And then Obama laid the fucking smackdown on them? Go back and watch the wide shot of the Republicans after his punchline about winning both campaigns. They were like, ah, he got us. That’s a good one.

More people need to be like that—ah, shit you got me. And not be so insecure. And not take good honest people and manipulate them for your own devices.

Assholes always, always need to be mocked. There is no exception. Feminism, for example, isn’t exempt either.

We need satirists to mock the assholes of the world. Satire is a safety valve for the assholes policing our thoughts.

People on our side, the progressives, the left, we often lose sight of that. Satire is our most powerful weapon! And we’ve largely just sat back and let the right wing have that, with people like Ann Coulter.

But that stuff isn’t so much funny as it is just bullying.

Patton Oswalt: Yes. The right doesn't understand the difference between satire and mean. But the left does.

Of course there’s always that tiny part of the progressive left that doesn’t get that. But you can’t just do a scorched earth policy against the speech that you disapprove of. You’re either all in or all out when it comes to freedom of speech. It’s not a buffet.

I want to hear the racists and homophobes loud and clear so I know who they are. I want to keep the assholes where I can mock them.

You yourself were called a racist when you Tweeted jokes about a TV station that was caught using made-up, stereotypical Asian names.

Patton Oswalt: By that logic Mel Brooks was a white supremacist because in Blazing Saddles someone says "nigger" every five minutes. But that's the whole point—Mel Brooks was mocking racism. The point of the movie was to mock racists.

People say, ‘Patton, watch out man, you can be really misunderstood on Twitter.’ Who gives a fuck? You’re saying I have to consider the needs of the dumbest people on the planet whenever I do a bit?

I love it when people misunderstand—then you can pull the rug out from under them. I love it when I say something people might think is all right-wing. Then I can zing them.

Is political correctness the problem?

Patton Oswalt: No. It's that things are willfully taken out of context to see what kind of hits and clicks and what kind of outrage it can generate. Like the politicians who are like, "I know climate change is real and it's happening, but I'm going to say it's not because that will get me votes."

Though I do give Michele Bachmann credit, I think she doesn’t realize climate change is happening and actually believes the bullshit she says.

But someone like Newt Gingrich, who says there’s no such thing as climate change? Oh he knows.

The ones who say, “Well, the jury is still out on climate change. “ No it’s fucking not. The jury is not out. And you know it.

I saw your web short ‘The Lemonade War.’ How awesome was it to have Werner Herzog call you “vile and debased?” That must have been a career moment for a hardcore film buff like you.

Patton Oswalt: Wow, I don't think I've ever been that happy since.... Well, I haven't been that happy since my daughter was born.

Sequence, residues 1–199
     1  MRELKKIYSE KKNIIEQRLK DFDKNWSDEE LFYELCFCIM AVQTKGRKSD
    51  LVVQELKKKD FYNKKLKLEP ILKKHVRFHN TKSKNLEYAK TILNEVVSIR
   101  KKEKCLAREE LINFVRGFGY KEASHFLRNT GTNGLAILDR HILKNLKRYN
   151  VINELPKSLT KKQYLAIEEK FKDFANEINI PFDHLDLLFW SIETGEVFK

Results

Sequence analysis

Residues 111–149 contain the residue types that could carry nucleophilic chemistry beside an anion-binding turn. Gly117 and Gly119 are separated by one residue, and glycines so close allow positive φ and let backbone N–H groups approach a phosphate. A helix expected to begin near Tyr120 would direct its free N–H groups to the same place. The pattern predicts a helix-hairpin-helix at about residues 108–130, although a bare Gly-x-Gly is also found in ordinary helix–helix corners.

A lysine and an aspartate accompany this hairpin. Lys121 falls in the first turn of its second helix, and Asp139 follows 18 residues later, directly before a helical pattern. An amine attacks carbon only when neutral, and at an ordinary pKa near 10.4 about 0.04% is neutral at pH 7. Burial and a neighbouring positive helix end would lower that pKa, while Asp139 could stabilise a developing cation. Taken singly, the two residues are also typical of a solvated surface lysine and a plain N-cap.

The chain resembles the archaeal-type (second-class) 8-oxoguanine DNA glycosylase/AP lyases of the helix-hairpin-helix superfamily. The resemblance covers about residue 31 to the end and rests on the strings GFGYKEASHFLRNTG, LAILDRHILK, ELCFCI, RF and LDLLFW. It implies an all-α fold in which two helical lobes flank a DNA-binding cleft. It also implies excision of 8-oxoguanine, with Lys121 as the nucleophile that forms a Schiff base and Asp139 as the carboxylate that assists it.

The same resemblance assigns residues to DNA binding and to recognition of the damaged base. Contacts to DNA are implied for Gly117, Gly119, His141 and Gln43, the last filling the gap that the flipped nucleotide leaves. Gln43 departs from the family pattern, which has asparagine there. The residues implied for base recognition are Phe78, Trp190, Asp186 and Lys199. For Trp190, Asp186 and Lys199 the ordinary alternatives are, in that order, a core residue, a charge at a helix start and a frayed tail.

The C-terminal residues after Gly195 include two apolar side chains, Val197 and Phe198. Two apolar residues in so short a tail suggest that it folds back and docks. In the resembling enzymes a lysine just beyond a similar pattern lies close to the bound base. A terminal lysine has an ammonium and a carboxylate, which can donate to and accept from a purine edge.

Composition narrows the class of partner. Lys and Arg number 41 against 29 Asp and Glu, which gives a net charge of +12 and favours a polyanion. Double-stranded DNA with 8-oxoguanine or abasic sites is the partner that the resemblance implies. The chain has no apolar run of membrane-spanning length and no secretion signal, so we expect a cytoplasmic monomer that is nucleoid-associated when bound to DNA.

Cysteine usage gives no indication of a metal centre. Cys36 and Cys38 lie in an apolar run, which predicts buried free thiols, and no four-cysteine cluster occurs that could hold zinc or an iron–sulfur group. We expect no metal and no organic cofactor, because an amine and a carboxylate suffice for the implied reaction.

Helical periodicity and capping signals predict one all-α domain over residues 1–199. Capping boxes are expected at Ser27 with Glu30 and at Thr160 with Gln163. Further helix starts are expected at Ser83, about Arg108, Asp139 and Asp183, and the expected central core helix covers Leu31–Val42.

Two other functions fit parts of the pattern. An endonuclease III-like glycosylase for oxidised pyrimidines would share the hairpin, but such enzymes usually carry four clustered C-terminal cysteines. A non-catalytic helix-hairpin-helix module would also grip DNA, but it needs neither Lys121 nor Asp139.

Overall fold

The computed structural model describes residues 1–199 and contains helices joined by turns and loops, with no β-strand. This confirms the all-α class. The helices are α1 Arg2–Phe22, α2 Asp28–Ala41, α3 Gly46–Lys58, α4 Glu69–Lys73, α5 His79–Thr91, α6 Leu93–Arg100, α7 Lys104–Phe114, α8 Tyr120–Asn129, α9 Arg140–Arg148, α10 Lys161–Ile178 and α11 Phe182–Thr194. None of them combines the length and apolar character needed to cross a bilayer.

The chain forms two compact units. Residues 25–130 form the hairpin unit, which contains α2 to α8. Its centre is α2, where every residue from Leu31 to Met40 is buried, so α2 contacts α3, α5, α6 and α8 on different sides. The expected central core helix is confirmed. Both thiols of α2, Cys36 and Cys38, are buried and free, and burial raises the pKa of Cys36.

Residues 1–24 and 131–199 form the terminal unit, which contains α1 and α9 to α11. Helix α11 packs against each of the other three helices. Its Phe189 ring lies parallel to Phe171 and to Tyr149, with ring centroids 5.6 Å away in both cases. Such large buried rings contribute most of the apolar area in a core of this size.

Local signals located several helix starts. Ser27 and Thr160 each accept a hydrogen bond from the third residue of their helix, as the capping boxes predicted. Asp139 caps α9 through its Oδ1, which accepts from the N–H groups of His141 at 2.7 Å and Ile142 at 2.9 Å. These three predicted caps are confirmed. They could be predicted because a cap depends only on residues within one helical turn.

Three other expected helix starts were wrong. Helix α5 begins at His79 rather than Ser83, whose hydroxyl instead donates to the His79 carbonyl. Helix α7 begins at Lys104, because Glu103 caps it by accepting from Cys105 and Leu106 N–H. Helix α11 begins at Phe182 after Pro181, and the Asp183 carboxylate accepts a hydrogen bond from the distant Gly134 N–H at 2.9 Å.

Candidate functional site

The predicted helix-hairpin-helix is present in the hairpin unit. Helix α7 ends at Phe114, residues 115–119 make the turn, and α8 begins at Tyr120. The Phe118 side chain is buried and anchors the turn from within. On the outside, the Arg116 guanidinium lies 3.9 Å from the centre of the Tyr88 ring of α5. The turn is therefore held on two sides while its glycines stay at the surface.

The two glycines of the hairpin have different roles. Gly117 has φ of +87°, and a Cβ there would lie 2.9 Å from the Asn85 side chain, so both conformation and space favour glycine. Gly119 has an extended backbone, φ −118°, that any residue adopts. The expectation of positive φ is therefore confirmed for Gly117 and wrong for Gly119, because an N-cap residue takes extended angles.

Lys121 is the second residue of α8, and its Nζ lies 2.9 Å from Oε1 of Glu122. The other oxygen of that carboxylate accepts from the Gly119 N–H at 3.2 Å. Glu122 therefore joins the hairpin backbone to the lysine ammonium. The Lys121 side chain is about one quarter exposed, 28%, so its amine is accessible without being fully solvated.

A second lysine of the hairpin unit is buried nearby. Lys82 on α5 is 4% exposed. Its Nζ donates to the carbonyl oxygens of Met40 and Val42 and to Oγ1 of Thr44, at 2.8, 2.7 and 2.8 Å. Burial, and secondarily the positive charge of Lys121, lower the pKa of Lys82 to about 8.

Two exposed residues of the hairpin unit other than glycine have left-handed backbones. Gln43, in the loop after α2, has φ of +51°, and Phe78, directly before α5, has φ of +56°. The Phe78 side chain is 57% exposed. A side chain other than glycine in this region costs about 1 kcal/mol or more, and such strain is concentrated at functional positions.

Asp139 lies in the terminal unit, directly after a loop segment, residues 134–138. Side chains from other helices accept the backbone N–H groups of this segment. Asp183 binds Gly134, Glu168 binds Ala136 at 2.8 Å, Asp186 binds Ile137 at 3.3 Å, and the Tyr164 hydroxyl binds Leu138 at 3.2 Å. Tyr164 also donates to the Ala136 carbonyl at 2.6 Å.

To be in the presence of Werner Herzog and have him yell at you about being a vile toad, and stuff like that. It was a real moment where I was like, I never imagined I would ever in my life be in a position to be this cool.

You grew up in Virginia, yet you never do bits about growing up in the South or being a Southerner.

Patton Oswalt: That's because I don't feel like it's something I can play up. I grew up in the suburbs of Northern Virginia where there was absolutely no discernible hint of the South. Friends I grew up with from places like Roanoke or Richmond, they actually got the taste of the deep swampy Southern culture.

But I never felt right in talking about it or claiming it. It’s like claiming really Punk roots when you grew up listening to Top 40.

But Southern writing? Hah. No question, the Southern literary tradition absolutely stands up to the best of the Irish or Russian literary tradition in terms of darkness and functional alcoholism and total weirdness.

All the great American novels come directly from the South. All of them. People will talk about that brief explosion of writing from the northeast in the 1960s, but Americans really should be way more proud about the literature of the American South.

I didn’t even discover writers like Faulkner or Flannery O’Connor until college. I was into Poe earlier than that, but he’s not really what we think of as a Southern writer. He mimicked European writers of the time in most of his work.

But yeah, the Southern literary tradition just fucking buries the Irish and Russian literary traditions in terms of darkness. There’s no argument about it.

As you write in the book, you’ve done pretty much everything you’ve wanted to do except, ironically, write and direct your own film. Ready to take the plunge?

Patton Oswalt: I lead a very day to day life. I'm very motivated to make sure that whatever I do next feeds into the process of my work as a whole.

You have to factor in how your own perceptions change over time. At one point you might look at something and say, oh, that just didn’t hold up to the importance of great art. Then at another point you’ll go back and watch it and learn something new.

I’m trying to make the next step, whatever it is, be a part of that whole learning process. That’s my plan at least.